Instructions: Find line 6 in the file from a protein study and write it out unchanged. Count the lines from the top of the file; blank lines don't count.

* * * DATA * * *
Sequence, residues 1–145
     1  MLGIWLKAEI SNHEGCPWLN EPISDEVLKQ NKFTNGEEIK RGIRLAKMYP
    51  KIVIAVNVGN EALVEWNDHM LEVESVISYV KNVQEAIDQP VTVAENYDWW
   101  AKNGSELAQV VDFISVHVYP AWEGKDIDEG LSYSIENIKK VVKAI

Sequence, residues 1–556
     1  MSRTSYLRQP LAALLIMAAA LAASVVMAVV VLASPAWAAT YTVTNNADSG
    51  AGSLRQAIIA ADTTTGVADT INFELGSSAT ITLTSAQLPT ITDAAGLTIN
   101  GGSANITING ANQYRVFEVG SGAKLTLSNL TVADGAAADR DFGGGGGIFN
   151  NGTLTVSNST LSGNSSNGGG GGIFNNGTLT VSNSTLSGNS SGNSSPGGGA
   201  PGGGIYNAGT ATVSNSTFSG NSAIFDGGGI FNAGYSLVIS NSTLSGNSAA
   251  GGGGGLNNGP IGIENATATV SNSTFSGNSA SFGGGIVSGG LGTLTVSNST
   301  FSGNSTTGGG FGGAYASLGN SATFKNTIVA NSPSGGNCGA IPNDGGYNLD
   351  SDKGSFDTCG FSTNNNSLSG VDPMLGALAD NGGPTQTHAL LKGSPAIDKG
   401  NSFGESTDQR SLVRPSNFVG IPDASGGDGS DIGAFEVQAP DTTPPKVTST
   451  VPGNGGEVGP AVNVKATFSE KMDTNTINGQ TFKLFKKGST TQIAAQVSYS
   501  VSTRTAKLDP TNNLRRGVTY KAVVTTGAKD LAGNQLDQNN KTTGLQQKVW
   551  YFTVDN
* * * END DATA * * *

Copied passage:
     1  MSRTSYLRQP LAALLIMAAA LAASVVMAVV VLASPAWAAT YTVTNNADSG